Trump pardons ranchers in case that inspired 2016 occupation
Dwight and Steven Hammond were convicted in 2012 of intentionally and maliciously setting fires on public lands
By Jill Colvin and Zeke Miller
WASHINGTON — President Donald Trump has pardoned two ranchers whose case sparked the armed occupation of a national wildlife refuge in Oregon.
Dwight and Steven Hammond were convicted in 2012 of intentionally and maliciously setting fires on public lands. The arson crime carried a minimum prison sentence of five years, but a sympathetic federal judge, on his last day before retirement, decided the penalty was too stiff and gave the father and son much lighter prison terms.
Prosecutors won an appeal and the Hammonds were resentenced in October 2015 to serve the mandatory minimum.
The decision sparked a protest from Ammon Bundy and dozens of others, who occupied the Malheur National Wildlife Refuge near the Hammond ranch in southeastern Oregon from Jan. 2 to Feb. 11, 2016, complaining the Hammonds were victims of federal overreach.
The armed occupiers changed the refuge's name to the Harney County Resource Center, reflecting their belief that the federal government has only a very limited right to own property within a state's borders.
Bundy was arrested during a Jan. 26 traffic stop, effectively ending the protest. Another key occupier, Robert "LaVoy" Finicum, was fatally shot that day by Oregon State Police.
In a statement Tuesday, White House press secretary Sarah Sanders called that decision to resentence the Hammonds "unjust."
"The Hammonds are devoted family men, respected contributors to their local community, and have widespread support from their neighbors, local law enforcement, and farmers and ranchers across the West," she said. "Justice is overdue for Dwight and Steven Hammond, both of whom are entirely deserving of these Grants of Executive Clemency."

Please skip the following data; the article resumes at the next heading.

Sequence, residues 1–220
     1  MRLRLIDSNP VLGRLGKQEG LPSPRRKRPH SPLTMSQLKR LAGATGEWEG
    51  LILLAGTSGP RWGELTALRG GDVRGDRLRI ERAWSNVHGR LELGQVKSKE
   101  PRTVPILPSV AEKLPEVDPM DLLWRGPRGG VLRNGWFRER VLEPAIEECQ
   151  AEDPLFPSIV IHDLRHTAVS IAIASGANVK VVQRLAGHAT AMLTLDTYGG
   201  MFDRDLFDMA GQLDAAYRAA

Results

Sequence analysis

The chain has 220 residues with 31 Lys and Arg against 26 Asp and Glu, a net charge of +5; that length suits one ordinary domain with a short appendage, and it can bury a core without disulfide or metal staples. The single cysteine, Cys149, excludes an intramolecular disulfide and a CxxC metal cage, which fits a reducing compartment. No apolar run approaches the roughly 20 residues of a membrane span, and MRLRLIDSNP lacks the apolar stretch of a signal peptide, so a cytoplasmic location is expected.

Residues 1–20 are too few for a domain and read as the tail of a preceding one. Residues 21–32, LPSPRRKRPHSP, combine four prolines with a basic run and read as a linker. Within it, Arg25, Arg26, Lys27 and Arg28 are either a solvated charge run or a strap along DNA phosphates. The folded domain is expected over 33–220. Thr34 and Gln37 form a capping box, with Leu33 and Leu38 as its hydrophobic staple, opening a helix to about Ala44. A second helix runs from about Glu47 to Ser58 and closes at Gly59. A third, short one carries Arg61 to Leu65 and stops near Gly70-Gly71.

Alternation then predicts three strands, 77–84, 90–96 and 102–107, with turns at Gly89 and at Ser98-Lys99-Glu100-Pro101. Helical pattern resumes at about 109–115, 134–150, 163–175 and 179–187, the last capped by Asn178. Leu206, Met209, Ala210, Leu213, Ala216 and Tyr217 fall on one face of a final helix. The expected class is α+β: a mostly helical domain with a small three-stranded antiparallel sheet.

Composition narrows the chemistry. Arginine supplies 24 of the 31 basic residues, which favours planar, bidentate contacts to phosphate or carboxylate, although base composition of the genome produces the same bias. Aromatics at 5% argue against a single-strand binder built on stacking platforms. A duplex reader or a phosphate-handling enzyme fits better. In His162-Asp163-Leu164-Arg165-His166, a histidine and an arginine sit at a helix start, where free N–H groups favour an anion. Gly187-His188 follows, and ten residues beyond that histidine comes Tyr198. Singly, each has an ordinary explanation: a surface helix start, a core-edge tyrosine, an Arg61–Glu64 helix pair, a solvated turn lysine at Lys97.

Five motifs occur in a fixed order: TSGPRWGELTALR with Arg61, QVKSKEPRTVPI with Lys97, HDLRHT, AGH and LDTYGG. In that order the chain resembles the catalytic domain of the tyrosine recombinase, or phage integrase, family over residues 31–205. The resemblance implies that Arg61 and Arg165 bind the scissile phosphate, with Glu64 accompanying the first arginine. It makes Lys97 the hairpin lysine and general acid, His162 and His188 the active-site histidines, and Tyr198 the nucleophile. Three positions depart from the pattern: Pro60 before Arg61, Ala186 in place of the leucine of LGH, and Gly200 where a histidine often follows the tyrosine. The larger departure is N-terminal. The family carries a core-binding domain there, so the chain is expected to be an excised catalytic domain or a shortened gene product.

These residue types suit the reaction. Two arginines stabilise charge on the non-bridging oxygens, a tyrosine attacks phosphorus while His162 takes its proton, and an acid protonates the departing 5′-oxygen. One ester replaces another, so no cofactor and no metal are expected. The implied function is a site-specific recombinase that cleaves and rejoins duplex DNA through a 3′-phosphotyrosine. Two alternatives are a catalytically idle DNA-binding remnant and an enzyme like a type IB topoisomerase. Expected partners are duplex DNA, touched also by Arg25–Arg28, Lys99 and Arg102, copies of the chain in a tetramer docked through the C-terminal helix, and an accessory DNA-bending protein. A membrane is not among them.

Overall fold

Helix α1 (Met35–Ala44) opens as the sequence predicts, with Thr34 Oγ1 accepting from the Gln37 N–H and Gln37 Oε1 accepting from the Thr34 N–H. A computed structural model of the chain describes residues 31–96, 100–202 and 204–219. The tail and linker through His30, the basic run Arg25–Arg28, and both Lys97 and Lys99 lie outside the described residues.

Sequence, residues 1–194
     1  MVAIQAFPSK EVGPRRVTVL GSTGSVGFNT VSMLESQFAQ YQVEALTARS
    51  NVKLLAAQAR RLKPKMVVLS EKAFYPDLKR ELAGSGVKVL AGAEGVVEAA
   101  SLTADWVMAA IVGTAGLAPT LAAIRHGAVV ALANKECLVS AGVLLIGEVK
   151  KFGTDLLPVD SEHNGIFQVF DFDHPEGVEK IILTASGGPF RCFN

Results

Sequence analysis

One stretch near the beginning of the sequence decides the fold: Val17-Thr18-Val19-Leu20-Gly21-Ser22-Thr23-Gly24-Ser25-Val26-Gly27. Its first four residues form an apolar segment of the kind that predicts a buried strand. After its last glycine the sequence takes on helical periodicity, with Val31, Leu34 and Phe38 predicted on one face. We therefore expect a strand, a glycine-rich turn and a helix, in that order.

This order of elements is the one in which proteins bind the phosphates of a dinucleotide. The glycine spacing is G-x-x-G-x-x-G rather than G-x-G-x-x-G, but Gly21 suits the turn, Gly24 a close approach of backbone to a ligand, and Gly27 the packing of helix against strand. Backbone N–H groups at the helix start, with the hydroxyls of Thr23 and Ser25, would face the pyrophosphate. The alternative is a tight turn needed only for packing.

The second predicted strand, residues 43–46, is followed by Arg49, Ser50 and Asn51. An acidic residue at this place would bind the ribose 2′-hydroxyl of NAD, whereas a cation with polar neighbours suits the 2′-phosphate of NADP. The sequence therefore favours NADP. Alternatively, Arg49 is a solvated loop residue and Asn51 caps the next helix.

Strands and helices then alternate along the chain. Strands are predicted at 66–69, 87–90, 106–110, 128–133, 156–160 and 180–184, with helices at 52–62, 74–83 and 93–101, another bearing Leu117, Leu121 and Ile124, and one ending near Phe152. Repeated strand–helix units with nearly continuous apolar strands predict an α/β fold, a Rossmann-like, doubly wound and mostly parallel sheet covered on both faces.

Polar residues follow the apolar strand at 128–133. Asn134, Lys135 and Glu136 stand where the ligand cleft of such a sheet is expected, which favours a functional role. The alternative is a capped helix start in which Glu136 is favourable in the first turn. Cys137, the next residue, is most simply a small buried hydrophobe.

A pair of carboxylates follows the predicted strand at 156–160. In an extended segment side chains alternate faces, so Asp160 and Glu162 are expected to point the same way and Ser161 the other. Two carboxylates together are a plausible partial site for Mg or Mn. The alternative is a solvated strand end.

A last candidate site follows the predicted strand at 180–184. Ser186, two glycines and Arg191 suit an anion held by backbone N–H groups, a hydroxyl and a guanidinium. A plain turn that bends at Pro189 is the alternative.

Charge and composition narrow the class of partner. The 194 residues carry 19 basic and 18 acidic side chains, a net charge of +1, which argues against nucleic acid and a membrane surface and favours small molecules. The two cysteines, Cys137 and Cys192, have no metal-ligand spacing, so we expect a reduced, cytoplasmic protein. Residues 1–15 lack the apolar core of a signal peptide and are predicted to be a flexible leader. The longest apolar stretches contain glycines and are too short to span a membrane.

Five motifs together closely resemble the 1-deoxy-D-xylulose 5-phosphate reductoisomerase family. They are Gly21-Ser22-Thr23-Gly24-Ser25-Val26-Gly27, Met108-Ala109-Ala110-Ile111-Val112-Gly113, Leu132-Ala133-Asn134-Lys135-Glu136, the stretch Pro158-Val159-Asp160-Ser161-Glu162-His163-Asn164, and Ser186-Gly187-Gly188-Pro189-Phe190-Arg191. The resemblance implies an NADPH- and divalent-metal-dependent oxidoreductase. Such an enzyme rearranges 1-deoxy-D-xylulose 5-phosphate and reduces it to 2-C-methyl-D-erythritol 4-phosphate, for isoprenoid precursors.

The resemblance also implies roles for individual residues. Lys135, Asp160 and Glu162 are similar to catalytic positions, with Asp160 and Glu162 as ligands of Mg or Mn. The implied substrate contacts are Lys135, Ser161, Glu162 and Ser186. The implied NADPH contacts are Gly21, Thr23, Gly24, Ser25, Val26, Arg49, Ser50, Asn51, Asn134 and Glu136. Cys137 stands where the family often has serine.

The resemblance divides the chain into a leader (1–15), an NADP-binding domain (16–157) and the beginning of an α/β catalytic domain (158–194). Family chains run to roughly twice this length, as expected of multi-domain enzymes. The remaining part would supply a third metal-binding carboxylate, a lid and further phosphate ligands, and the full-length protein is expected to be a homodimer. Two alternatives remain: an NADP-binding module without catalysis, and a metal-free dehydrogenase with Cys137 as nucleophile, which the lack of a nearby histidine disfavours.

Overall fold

The pardons are the latest in a growing list of clemency actions by Trump, who has been using his pardon power with increasingly frequency in recent months.
Trump has been especially pleased with news coverage of his actions, which included commuting the sentence of Alice Johnson, a woman serving a life sentence for drug offenses whose case had been championed by reality television star Kim Kardashian West.
He has repeatedly referenced emotional video of Johnson being freed from prison and running into her family members' arms, and has said he's considering thousands more cases — both famous and not.
But critics say the president could be ignoring valid claims for clemency as he works outside the typical pardon process, focusing on cases brought to his attention by friends, famous people and conservative media pundits.
Aides say that Trump has been especially drawn to cases in which he believes the prosecution may have been politically motivated — a situation that may remind him of his own position at the center of the ongoing special counsel investigation into Russian election meddling.
Many have also seen the president as sending a signal with his pardons to former aides and associates caught up in the probe, or lashing out at enemies like former FBI Director James Comey, who oversaw the prosecution of lifestyle guru Martha Stewart, whom Trump has said he is thinking of pardoning.